Motorists are wasting thousands of pounds on expensive in-car technology that they don’t know how to use because they don’t understand what the dashboard symbols mean.

Popular models such as the Ford Focus are available with features including head-up displays and semi-autonomous driving modes, but many owners aren’t aware how to utilise them.

A survey conducted by asked more than 1,000 motorists to identify six common dashboard symbols and found that many struggled with even the most basic ones.

Based on the cost of these features, whether they are built-in as standard or optional extras, it is estimated that the average UK driver has wasted more than £1,300.

The symbol for a speed limiter, which is usually priced at around £250, was misidentified by 547 or 44 per cent of the people surveyed, while 147 thought it was a “speed limit warning” and 55 believed it was for resetting the trip computer.

Most motorists were able to identify the symbol for a head-up display, which would normally cost about £400, but almost a quarter thought it was a “digital owners manual”, while 137 thought it signified “icy conditions” and 55 read it as an instruction to “head to the nearest filling station”.

Although it’s a very common feature in modern cars, the majority of those surveyed couldn’t identify the symbol for a stop-start system, with 33 per cent thinking it was for “air recirculation” and 274 or 23 per cent attributed it to “automatic mode”.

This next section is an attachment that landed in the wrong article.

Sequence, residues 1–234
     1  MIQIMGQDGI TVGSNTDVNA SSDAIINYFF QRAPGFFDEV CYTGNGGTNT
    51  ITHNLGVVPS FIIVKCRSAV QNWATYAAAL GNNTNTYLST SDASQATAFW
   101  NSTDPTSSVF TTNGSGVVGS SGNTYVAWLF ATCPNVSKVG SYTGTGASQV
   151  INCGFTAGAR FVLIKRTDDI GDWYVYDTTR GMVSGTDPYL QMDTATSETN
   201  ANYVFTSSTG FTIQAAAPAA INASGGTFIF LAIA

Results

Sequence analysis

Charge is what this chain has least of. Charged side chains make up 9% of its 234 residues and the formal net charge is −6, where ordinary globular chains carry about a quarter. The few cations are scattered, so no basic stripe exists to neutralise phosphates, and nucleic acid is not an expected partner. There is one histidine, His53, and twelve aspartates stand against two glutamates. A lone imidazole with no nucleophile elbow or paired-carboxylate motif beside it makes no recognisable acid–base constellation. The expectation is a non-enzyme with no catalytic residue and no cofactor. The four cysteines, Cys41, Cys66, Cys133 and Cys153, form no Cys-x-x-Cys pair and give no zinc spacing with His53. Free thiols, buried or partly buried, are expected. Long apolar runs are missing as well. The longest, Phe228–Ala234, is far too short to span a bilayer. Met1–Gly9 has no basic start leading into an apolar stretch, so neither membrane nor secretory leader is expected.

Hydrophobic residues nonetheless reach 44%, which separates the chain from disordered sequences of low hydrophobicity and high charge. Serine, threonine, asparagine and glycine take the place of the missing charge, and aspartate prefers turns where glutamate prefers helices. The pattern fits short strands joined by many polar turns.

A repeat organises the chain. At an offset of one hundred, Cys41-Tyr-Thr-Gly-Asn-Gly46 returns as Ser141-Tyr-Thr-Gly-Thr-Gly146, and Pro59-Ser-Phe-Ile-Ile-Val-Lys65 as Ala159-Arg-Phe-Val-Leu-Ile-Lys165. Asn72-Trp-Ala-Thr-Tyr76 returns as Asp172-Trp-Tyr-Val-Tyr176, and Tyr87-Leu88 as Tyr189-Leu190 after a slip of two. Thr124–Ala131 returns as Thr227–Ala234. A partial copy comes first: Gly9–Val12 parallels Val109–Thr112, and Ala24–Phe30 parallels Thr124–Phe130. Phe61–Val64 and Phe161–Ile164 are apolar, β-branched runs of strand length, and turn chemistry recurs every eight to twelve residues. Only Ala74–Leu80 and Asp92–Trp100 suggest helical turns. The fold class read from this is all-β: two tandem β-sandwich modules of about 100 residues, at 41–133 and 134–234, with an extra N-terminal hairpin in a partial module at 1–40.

Parking assistance, a circa £200 feature, was correctly identified by 92 per cent of those surveyed, while 90 per cent knew the symbol for a heated steering wheel.

Austin Collins, Managing Director of, said: “Although we can laugh at some of the mistakes drivers make in the struggle to keep pace with in-car technology, it’s unfortunate that so many people are clearly missing out on some of the features and benefits of their cars.

“One clue to why this might be comes from another part of our survey, which revealed that only half of us bother to look through the manual before starting to use our new cars. The most typical approach is to look up individual sections only when suspected problems arise.

“Our advice is to always read the manual. Cars are evolving all the time and not only is it important to understand a car to drive it safely, it makes no sense to miss out on some of the benefits for which you have paid.”